Well, here we are, a stone's throw from something along the lines of 2011 and, yes, I'm surprised. Although I did state emphatically at the beginning of the year -- and many times since -- that the one thing that would put my then bullish thesis to the test would be protectionism (read trade war).
While I recognize that other concerning factors are currently in play, I guess I'm just surprised that the trade issue has been allowed to get this far.
So here we are, trade war (etc.) intact, bull market in tatters! Now what do we do?
Well, we step back, we breath, we turn off the media and we reassess general conditions.
We are forever in search of the signs and signals that say "warning! Recession ahead!" As, typically, bear markets are things of recessions.
So how do we do that? We do that by testing the data that matter against the periods that led up to past recessions. And as we perform that function here today, the character of the data on balance (per our proprietary macro index) does not yet signal recession, and remains notably more positive than it was during the whopping 2011 correction, and slightly better than the 12+% draw down of early 2016, yet somewhat worse than conditions during the 2015 correction.
Here's a small sampling of the data we track (shaded areas are recessions, I circled the areas around the 2011 correction and the back-to-back corrections of 2015 and 2016). I of course cherry-picked examples that emphasize my point, and those that most folks are familiar with and/or can relate to:
First, here's the S&P 500 Index itself: click charts to enlarge...
Yes, right now the present price action in stocks rivals the worst of what we've seen since the last bear market.
But take a look at retail sales:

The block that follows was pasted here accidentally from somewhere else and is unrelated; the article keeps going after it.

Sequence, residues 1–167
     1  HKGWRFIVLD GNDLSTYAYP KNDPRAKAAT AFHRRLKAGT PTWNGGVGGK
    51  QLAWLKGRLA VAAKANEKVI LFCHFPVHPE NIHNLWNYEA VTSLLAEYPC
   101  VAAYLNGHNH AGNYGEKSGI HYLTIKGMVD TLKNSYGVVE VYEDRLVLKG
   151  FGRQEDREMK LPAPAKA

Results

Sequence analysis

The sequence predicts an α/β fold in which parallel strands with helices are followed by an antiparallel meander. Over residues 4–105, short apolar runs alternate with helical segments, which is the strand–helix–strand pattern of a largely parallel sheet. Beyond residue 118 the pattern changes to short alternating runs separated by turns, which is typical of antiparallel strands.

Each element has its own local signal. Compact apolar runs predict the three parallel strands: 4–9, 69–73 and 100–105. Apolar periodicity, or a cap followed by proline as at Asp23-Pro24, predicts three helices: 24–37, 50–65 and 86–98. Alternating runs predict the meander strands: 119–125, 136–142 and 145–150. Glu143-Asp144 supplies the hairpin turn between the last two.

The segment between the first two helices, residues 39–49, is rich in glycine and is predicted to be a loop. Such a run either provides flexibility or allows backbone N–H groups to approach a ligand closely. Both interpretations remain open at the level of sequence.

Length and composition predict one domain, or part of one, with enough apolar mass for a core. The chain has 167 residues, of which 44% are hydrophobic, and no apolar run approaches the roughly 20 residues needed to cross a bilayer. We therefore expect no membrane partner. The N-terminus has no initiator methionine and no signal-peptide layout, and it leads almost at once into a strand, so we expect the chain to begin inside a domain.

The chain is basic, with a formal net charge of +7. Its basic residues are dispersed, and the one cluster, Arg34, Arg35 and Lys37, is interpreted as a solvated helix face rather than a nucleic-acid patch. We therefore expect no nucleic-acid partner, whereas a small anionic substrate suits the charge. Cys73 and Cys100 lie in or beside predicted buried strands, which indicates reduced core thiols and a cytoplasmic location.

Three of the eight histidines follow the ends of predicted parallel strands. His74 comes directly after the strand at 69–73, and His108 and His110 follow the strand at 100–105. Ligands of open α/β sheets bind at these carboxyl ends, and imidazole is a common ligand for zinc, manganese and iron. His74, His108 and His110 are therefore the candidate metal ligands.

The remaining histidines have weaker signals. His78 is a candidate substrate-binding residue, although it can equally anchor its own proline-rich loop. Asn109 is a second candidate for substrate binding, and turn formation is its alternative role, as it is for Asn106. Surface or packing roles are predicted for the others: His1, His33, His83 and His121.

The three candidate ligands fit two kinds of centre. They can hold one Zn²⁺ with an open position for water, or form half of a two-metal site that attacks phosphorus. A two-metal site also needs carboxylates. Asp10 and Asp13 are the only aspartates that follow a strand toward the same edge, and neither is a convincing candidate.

Online sales (purple) haven't missed a beat since the last recession, although, as you can see, brick and mortar (white) has definitely had its ups and downs. Presently, however, it remains in a definable up trend. Nevertheless, we currently score it neutral, as it has yet to make a higher high after the last dip. That said, its trajectory looks notably better than it did during the past three corrections, let alone the periods leading into the past two recessions.
For the rest I'll simply throw up each chart and let you judge whether or not the data should have us running for the exits.
Weekly Jobless Claims:
Institute for Supply Management Purchasing Manager Surveys (manufacturing purple, services yellow):
Small Business Optimism:
As you no doubt noted in the above, as it relates to the featured charts, present conditions do not remotely resemble recessions past, or even the 2011 and 2016 market corrections.
As for the remaining data we follow (which include indicators of credit risk, commodities trends, financial market conditions, etc.), and score, while we've seen marked deterioration since the beginning of the year, the overall result still has odds favoring continued expansion (and, thus, bull market) over recession (and a protracted bear market) for the foreseeable future: Our index presently scores +20, versus +8 during the 2011 correction, +29 in 2015 and +18 at the bottom of the 2016 correction. As for the past two bear markets, the back tests scored -29 at the 2000 market peak, and -33 at the 2007 S&P 500 all time high.
In summary, our assessment of the present state of stock market affairs is that the price action deviates from the underlying fundamentals. Of course the question here would be, will the price action ultimately reverse and reflect present fundamentals, or will the fundamentals ultimately roll over and reflect the action (the message?) in stock prices?